Pharmaceutical 3D printing has been in the focus of research projects for almost a decade. Still, the translation to clinical application is impeded. And while several reasons can be identified for the slow translation, the identification of use cases is a critical one. Potentially higher costs have to be offset with added value in terms of quality of life or survival. This presentation will discuss research projects that aim to improve pharmaceutical treatment of two undertreated groups – children in oncological care and veterinary patients.
28 November 2023, 11th edition
Also the necessary steps to implement 3D printing in hospital and veterinary pharmacies will be outlined and discussed.
This is presented by Julian Quodbach, Assistant Professor at Utrecht University.
The lack of proper medication for a significant number of patients, be it with regard to dosages, size, or taste, is what Julian drives. that includes the Undertreated Patients in Pediatric Oncology Veterinary Care as well. In the short run he sees a further exploration of new technologies, e.g., volumetric printing. In the long run it will be on oral delivery of certain biological molecules, process robustness and maturation of the technology.
About Julian Quodbach
Julian is a pharmacist by training and received his PhD from the University of Düsseldorf, Germany. Since 2015, he is investigating the pharmaceutical applications of different 3D printing technologies, focusing primarily on extrusion-based technologies. In January 2022, he transitioned to Utrecht University. There, his focus shifted to powder-based technologies, especially selective laser sintering. Together with different academic research hospitals, he promotes the translation of 3D printing to clinical applications to help improve medical therapies.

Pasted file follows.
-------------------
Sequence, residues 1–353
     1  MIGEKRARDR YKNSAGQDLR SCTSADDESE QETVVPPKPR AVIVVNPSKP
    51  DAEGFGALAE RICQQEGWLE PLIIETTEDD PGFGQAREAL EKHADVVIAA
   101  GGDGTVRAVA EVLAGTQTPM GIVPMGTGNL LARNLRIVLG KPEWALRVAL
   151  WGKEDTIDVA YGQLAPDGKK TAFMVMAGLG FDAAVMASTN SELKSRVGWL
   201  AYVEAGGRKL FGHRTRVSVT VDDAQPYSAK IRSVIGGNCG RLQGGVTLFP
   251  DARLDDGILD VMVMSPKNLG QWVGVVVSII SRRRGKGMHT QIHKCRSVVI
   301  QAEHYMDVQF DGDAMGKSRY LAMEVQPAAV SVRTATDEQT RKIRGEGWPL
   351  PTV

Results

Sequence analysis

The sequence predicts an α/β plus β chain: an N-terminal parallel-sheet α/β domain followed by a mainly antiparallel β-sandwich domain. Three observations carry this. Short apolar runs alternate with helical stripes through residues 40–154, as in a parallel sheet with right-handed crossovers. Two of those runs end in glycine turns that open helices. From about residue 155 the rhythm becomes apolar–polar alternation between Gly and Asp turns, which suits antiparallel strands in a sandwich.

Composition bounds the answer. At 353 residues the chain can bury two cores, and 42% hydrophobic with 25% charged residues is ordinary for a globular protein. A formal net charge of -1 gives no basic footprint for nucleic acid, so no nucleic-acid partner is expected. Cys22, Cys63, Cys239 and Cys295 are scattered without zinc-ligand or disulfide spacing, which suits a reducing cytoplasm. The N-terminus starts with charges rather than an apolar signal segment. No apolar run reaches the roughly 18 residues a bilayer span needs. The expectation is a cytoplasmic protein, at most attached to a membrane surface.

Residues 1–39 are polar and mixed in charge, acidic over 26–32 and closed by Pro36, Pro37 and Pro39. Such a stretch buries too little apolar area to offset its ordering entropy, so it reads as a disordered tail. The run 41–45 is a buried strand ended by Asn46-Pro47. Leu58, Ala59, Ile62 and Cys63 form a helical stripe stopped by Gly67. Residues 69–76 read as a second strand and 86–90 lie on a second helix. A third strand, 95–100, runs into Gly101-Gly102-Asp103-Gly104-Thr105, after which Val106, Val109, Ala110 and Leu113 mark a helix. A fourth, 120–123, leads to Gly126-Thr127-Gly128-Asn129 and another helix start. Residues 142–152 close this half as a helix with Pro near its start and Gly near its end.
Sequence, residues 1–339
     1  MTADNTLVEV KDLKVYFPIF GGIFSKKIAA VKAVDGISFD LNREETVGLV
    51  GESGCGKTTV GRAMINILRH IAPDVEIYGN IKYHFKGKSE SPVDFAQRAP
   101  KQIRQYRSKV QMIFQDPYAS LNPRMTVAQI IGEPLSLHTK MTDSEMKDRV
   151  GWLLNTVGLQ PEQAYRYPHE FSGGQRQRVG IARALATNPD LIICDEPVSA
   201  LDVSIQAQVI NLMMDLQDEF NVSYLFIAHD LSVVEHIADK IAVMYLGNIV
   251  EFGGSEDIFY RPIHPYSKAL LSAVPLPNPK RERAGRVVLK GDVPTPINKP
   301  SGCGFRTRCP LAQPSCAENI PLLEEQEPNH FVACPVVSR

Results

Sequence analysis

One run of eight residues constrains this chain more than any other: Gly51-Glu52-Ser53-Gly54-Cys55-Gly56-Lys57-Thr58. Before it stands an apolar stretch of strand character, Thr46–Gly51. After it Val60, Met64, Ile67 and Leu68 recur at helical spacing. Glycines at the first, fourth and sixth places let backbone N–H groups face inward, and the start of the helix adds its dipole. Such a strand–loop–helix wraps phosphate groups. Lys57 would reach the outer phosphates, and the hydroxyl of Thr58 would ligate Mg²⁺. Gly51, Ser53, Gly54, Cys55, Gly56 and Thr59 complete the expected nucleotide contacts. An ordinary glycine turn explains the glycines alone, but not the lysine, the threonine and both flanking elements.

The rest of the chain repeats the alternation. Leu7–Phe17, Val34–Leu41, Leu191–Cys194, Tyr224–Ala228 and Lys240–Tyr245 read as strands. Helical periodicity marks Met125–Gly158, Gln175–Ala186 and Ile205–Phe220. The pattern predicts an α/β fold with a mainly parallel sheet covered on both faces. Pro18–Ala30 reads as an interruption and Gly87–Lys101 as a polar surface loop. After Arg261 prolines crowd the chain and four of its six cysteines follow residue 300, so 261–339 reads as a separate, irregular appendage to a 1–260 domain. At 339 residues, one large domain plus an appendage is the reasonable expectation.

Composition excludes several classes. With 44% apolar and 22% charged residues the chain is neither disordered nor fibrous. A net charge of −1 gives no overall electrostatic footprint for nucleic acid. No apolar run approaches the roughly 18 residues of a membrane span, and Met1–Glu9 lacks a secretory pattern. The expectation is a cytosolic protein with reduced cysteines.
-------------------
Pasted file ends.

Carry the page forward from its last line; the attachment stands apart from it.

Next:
About Utrecht University, department of Pharmaceutics
The Advanced Drug Delivery and Drug Targeting Program of the department of Pharmaceutics aims at providing new strategies to solve delivery problems encountered by pharmacologically active compounds.
The core activity of the department is the design and pre-clinical testing of tailor-made drug delivery systems for site-specific, time- and/or rate-controlled delivery of small molecular weight drugs, therapeutic proteins, nucleic acids (including DNA and siRNA), and antigens for therapy and prevention of life-threatening diseases such as cancer, inflammation and infectious diseases. The combination of complementary fields of expertise brought together in the research program is unique. It allows the development of novel drug delivery systems from scratch up to the preclinical testing phase. The department of Pharmaceutics has intensive collaborations with academic, industrial, and governmental groups.
For more information, visit the website.
Julian Quodbach will speak at the 2023 edition of the 3D Medical Conference.